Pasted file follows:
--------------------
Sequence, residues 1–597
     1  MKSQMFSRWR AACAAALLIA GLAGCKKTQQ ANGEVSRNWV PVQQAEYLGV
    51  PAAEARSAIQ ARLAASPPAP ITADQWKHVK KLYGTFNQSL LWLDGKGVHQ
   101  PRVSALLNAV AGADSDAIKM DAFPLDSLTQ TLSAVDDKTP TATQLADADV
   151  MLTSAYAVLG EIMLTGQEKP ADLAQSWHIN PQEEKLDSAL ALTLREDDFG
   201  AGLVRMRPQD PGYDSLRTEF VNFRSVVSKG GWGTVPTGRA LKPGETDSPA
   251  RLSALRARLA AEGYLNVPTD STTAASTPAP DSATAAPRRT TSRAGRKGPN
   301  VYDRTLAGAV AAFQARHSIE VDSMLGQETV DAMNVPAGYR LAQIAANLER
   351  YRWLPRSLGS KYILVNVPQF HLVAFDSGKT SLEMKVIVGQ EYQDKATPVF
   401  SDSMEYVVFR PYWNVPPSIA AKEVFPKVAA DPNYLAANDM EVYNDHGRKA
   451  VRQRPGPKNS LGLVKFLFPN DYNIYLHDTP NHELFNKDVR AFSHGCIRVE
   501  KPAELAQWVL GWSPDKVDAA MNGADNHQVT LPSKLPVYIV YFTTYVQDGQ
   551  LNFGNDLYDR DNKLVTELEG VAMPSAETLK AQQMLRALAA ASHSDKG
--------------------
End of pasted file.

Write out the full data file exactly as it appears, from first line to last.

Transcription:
Sequence, residues 1–597
     1  MKSQMFSRWR AACAAALLIA GLAGCKKTQQ ANGEVSRNWV PVQQAEYLGV
    51  PAAEARSAIQ ARLAASPPAP ITADQWKHVK KLYGTFNQSL LWLDGKGVHQ
   101  PRVSALLNAV AGADSDAIKM DAFPLDSLTQ TLSAVDDKTP TATQLADADV
   151  MLTSAYAVLG EIMLTGQEKP ADLAQSWHIN PQEEKLDSAL ALTLREDDFG
   201  AGLVRMRPQD PGYDSLRTEF VNFRSVVSKG GWGTVPTGRA LKPGETDSPA
   251  RLSALRARLA AEGYLNVPTD STTAASTPAP DSATAAPRRT TSRAGRKGPN
   301  VYDRTLAGAV AAFQARHSIE VDSMLGQETV DAMNVPAGYR LAQIAANLER
   351  YRWLPRSLGS KYILVNVPQF HLVAFDSGKT SLEMKVIVGQ EYQDKATPVF
   401  SDSMEYVVFR PYWNVPPSIA AKEVFPKVAA DPNYLAANDM EVYNDHGRKA
   451  VRQRPGPKNS LGLVKFLFPN DYNIYLHDTP NHELFNKDVR AFSHGCIRVE
   501  KPAELAQWVL GWSPDKVDAA MNGADNHQVT LPSKLPVYIV YFTTYVQDGQ
   551  LNFGNDLYDR DNKLVTELEG VAMPSAETLK AQQMLRALAA ASHSDKG